It seems to me that when you write a short story, you have to cut off both the beginning and the end. We writers do most of our lying in those spaces. You must write shorter, to make it as short as possible.
[from Memories of Chekhov, Peter Sekirin]
The revolution that Chekhov set in train – and which reverberates still today – was not to abandon plot, but to make the plot of his stories like the plot of our lives: random, mysterious, run-of-the-mill, abrupt, chaotic, fiercely cruel, meaningless.
—William Boyd, The Guardian
If a man passes a door which has no curtain and is not shut and looks in, he has committed no sin.
[from the epigraph to Deborah Baker’s The Convert: A Tale of Exile and Extremism]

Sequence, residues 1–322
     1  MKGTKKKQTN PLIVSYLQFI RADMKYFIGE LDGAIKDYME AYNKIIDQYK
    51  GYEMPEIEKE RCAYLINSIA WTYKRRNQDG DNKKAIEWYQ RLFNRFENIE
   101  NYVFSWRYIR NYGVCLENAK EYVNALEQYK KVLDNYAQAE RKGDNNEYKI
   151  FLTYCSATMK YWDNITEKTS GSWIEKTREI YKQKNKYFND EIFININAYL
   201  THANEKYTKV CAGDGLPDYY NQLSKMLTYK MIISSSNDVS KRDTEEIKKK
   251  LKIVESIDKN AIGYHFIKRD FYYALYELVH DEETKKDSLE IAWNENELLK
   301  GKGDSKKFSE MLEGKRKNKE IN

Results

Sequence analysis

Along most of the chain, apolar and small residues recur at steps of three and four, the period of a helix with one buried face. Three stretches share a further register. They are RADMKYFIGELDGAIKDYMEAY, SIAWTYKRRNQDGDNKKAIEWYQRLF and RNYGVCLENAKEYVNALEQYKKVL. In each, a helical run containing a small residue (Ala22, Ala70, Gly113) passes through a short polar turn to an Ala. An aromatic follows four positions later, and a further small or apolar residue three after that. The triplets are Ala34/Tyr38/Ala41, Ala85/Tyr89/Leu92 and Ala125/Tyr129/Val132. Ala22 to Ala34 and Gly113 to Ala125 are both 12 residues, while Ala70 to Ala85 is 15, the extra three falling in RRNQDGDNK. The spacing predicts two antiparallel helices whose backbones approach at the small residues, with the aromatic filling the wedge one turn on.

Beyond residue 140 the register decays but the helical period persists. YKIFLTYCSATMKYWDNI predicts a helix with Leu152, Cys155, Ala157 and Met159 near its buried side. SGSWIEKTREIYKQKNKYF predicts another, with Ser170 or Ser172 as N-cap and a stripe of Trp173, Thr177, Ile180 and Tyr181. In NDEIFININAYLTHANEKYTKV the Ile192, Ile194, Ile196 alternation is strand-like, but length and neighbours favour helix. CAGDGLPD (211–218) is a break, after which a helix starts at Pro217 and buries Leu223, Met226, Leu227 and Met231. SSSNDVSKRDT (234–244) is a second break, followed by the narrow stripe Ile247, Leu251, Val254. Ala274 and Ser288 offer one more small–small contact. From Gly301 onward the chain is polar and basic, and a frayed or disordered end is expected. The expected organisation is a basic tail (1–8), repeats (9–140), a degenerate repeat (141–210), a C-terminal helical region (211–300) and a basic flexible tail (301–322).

I haven’t had trouble with writer’s block. I think it’s because my process involves writing very badly. My first drafts are filled with lurching, clichéd writing, outright flailing around. Writing that doesn’t have a good voice or any voice. But then there will be good moments.
It seems writer’s block is often a dislike of writing badly and waiting for writing better to happen.
—Jennifer Egan, The Wall Street Journal